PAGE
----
Multiple Sclerosis (MS)

This is a common disease of brain and spinal cord, occurring in peaks and troughs of activity. It is a frequent cause of severe disability in young adults.

The cause is unknown, though the disease is probably autoimmune in type. A popular hypothesis suggests that MS develops in genetically-susceptible individuals following certain infections acquired in early life.

Certain parts of the nervous system are preferentially affected by MS. Characteristic symptoms include blindness and eye pain, double vision, unsteadiness, limb tingling, numbness or weakness and disturbance of bowels, waterworks & sexual function. Fatigue commonly occurs and symptoms may worsen with heat as in hot weather, in a hot bath or following exercise.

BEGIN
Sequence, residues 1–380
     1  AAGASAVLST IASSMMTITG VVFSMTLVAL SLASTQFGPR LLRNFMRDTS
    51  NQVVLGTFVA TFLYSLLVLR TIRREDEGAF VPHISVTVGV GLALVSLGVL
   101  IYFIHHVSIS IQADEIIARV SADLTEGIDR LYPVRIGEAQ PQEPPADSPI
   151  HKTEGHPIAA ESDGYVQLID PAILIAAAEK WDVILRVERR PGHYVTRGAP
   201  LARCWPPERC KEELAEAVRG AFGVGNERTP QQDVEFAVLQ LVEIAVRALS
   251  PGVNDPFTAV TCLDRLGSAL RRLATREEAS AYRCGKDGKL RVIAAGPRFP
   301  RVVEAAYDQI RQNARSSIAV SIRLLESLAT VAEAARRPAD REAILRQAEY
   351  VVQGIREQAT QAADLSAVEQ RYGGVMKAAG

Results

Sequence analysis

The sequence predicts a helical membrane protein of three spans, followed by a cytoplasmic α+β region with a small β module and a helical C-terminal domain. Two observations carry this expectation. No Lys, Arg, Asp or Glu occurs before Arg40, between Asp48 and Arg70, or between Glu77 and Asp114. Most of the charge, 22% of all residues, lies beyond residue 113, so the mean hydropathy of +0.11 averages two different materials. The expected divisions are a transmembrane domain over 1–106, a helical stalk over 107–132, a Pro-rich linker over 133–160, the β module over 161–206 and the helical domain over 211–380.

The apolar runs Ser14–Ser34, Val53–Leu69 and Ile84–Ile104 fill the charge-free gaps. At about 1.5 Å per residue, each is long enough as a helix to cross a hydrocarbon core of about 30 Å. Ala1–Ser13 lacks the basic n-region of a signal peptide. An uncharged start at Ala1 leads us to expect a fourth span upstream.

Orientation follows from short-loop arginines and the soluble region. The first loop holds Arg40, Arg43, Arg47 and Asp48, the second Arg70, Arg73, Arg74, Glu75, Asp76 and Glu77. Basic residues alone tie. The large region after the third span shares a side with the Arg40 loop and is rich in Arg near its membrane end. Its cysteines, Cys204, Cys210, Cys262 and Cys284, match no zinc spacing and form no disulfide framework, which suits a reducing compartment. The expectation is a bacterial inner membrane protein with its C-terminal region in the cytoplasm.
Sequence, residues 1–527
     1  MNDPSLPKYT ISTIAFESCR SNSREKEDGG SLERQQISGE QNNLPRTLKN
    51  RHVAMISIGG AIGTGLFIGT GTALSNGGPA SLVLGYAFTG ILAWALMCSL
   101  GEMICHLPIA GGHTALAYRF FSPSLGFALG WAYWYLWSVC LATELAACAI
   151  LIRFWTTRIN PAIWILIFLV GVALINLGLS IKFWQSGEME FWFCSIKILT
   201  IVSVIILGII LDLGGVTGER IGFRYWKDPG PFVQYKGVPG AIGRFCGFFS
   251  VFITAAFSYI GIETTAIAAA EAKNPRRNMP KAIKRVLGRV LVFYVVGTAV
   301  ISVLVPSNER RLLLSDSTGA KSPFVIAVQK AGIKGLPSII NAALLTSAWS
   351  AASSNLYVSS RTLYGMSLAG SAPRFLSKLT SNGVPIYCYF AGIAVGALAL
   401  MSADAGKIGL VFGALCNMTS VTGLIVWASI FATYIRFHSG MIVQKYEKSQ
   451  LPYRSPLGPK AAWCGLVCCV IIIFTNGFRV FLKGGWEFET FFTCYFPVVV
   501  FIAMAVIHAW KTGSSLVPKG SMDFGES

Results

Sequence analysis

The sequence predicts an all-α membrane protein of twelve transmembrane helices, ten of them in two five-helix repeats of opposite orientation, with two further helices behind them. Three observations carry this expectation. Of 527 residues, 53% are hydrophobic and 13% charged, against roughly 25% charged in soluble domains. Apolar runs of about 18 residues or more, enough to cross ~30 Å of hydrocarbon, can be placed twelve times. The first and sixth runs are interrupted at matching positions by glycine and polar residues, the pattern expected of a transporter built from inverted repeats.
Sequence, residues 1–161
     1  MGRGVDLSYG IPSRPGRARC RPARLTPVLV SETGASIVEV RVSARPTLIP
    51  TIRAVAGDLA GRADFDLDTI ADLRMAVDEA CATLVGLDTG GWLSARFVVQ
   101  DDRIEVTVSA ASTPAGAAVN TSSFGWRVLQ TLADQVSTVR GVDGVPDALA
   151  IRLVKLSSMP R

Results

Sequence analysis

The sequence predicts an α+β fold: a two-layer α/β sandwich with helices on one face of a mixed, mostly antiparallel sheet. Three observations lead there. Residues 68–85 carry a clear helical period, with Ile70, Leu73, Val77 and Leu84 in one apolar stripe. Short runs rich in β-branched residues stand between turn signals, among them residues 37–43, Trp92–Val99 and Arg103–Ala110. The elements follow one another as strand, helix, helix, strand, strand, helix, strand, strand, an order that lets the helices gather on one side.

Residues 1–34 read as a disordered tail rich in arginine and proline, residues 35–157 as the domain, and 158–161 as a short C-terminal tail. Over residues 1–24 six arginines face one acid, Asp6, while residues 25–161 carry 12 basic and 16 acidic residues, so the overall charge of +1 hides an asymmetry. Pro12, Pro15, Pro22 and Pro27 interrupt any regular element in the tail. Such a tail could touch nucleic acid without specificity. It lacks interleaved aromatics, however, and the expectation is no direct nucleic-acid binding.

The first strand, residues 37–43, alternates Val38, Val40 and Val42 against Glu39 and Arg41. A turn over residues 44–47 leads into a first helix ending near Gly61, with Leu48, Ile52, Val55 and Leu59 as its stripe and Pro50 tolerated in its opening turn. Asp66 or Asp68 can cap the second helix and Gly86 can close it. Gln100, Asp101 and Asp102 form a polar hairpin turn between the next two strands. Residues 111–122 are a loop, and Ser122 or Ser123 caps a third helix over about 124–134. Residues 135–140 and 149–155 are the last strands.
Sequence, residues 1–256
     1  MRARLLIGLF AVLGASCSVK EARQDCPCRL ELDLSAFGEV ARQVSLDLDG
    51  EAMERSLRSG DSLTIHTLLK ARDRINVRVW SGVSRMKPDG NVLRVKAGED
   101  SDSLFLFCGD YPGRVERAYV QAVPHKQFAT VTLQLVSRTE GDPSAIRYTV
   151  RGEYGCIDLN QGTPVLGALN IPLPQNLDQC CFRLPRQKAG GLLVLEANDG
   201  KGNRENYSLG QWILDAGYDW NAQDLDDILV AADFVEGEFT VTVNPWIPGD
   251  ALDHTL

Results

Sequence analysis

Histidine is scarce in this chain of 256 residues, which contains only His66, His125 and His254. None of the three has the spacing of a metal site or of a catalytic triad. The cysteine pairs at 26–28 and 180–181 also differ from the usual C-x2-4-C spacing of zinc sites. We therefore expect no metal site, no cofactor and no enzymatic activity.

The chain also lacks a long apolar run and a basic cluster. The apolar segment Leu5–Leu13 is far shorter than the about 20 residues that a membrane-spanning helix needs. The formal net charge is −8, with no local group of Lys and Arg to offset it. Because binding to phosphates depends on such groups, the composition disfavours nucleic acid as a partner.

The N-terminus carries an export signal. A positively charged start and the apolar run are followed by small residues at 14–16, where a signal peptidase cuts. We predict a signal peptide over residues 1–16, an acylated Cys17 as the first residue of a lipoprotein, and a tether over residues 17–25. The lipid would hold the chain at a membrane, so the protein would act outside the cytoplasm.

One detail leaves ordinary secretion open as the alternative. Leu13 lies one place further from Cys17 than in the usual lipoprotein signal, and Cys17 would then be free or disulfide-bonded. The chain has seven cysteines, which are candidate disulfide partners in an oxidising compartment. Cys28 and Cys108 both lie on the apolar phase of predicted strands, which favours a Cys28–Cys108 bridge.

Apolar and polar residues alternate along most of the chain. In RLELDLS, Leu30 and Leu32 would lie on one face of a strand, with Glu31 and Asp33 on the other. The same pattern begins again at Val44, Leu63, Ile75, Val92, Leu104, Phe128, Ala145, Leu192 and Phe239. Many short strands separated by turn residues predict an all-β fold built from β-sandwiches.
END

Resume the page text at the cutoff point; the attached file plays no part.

Diagnosis is often not entirely straight forward. There is no one specific diagnostic test. Diagnosis depends upon clinical features and the results of MR Imaging of brain and spine, evoked potential studies and spinal fluid examination. Blood tests and chest x-ray help to exclude alternative diagnoses.

Recovery from acute episodes can be accelerated by using steroids, usually by intravenous infusion. A new range of disease-modifying drugs is now available including the beta-interferons, glatiramer & natalizumab.